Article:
****( )

Everyman Archetypes: Swashbuckler is another PDF from Everyman Games, this one providing some new character options and feats for the new swashbuckler class from the ACG. It's ten pages long, with one for the cover, one for credits, the table of contents, and the OGL, leaving six pages of new goodies for the players.

We get a list of design goals for the new material on the ToC page. Basically, they want to make swashbucklers more mobile, a little more like the fighter, and give more options then the basic rapier-and-free hand style. How well do they do? Let's see.

First come the new archetypes, with the Daredevil appropriately leading the charge. They get the ability to use attacks of opportunity and panache to dodge attacks by using Acrobatics. If it works, the swashbuckler can move up to her speed so long as she stays within the threatened area of the creature who attacked her. She can also do a better high jump and can make a dashing attack, which means she can move her full speed and make an attack without provoking AoO. She can also use it in connection with any feat or ability that works with the attack action like Vita Strike. Which is a good thing, as she gets the Vital Strike feat chain with light and piercing weapons along with bonuses on hit and damage rolls. This sounds like one solid archetype to me, for someone who's going to be running all over the battlefield and cutting down opponents left and right like some character from a chanbara samurai movie.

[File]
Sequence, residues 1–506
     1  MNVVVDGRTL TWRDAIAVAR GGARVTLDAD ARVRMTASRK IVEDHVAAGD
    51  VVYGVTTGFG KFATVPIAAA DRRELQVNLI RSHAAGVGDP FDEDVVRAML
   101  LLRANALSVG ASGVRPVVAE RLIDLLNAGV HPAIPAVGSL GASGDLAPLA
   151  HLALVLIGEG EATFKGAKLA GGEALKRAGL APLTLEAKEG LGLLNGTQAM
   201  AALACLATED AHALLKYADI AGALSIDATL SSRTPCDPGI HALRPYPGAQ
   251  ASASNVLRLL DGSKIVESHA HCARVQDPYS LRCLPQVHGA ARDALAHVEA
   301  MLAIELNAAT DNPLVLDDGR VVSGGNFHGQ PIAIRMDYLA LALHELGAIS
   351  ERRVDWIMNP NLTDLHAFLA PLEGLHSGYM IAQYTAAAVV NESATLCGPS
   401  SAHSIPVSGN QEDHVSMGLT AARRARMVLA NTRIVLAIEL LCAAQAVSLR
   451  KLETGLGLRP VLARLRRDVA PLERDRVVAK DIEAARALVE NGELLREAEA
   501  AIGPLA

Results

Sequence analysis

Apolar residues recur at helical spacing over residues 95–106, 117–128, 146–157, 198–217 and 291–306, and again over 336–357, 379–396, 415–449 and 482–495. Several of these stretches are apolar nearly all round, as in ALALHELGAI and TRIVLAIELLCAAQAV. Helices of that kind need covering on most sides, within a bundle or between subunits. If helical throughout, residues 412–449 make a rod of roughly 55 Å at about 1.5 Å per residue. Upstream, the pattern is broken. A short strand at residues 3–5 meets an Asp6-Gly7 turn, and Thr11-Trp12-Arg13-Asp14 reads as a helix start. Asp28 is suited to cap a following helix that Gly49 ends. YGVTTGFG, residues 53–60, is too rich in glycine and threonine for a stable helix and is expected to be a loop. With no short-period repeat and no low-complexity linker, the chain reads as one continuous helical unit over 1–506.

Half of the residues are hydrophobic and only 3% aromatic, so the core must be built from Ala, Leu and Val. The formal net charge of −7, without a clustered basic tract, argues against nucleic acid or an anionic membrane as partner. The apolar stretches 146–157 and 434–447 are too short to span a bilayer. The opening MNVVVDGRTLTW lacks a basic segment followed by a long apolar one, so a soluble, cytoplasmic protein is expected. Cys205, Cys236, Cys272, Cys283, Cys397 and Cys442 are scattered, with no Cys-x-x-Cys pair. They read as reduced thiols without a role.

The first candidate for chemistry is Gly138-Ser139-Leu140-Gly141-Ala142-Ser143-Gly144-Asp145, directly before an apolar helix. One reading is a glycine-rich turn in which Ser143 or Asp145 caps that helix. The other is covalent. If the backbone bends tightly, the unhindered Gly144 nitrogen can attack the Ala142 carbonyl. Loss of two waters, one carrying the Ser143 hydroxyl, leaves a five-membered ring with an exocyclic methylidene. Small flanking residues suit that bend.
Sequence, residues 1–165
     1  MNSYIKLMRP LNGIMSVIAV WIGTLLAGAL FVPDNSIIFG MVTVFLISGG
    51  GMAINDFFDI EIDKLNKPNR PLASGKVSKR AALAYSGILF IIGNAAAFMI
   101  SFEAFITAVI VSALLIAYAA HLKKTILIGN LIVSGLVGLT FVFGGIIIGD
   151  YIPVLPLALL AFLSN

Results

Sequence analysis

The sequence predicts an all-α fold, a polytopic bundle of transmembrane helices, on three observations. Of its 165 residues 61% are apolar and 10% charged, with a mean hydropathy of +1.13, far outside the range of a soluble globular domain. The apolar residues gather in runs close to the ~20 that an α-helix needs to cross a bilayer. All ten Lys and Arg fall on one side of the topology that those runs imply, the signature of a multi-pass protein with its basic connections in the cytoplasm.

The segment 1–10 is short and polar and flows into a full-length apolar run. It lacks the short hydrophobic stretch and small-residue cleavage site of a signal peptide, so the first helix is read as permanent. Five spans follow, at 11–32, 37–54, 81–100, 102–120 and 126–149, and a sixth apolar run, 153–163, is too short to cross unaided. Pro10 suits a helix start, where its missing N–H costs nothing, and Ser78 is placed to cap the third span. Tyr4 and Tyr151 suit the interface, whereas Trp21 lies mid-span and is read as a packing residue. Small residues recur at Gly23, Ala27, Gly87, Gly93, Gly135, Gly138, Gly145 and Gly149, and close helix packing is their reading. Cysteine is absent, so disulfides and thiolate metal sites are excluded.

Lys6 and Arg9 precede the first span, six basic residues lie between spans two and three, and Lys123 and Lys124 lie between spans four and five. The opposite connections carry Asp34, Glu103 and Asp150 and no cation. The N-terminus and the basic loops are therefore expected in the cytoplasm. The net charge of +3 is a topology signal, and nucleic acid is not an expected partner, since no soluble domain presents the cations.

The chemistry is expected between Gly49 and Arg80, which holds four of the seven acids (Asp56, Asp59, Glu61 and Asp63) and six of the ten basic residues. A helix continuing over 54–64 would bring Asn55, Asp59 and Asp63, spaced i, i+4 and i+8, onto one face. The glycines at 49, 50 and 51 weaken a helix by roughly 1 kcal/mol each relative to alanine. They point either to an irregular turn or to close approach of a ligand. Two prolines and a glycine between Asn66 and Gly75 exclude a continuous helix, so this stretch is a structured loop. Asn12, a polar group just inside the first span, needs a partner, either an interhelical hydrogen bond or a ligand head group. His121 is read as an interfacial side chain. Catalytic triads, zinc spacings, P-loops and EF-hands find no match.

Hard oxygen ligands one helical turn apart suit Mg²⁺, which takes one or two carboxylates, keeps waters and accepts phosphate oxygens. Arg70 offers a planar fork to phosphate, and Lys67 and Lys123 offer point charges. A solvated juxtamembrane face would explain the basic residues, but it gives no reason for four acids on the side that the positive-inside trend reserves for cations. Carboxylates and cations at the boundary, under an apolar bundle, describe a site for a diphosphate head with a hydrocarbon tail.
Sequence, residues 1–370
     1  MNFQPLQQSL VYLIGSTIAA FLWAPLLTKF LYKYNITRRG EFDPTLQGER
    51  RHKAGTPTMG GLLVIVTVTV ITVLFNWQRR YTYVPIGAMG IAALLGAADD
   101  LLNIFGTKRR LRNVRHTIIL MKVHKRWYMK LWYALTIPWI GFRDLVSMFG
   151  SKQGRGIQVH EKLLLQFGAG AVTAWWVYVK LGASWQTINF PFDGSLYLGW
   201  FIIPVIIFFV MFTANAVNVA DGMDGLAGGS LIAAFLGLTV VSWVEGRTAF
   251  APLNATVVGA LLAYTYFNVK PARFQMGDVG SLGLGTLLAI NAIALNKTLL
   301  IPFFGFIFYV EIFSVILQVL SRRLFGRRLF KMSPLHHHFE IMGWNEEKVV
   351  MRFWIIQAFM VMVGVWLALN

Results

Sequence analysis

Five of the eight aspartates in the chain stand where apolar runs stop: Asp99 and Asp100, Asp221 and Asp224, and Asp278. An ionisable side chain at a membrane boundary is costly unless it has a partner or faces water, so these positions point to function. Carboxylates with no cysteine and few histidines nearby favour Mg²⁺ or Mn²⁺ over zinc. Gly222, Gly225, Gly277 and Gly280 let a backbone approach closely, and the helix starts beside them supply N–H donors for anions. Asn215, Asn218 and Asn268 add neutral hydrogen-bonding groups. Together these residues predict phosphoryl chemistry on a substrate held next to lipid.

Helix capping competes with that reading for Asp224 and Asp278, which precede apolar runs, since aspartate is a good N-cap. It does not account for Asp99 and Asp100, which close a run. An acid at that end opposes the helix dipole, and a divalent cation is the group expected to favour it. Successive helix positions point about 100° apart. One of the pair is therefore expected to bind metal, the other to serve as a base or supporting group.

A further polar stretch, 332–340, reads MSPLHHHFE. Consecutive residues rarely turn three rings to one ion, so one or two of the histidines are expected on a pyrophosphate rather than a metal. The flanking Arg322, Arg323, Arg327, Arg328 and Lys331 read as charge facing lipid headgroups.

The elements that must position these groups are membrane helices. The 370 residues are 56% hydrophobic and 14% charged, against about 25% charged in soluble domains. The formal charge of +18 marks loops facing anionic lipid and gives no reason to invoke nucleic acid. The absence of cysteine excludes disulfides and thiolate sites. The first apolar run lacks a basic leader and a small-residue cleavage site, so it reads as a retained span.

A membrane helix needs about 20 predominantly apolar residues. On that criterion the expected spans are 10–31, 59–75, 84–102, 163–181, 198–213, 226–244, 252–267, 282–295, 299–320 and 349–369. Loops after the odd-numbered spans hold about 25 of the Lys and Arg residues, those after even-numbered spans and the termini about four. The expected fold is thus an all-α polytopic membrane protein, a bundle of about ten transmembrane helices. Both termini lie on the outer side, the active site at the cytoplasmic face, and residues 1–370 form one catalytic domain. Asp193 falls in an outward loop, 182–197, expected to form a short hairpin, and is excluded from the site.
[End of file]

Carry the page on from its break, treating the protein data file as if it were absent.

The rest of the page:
The Dashing Commander gets the Battle Cry feat, and the commander can use panache to add her Charisma bonus to the rerolled save permitted by the feat. And she becomes immune to fear while under its effects. And she grants a damage bonus to anyone affected by the feat inclyding herself in place of swashbuckler weapon training.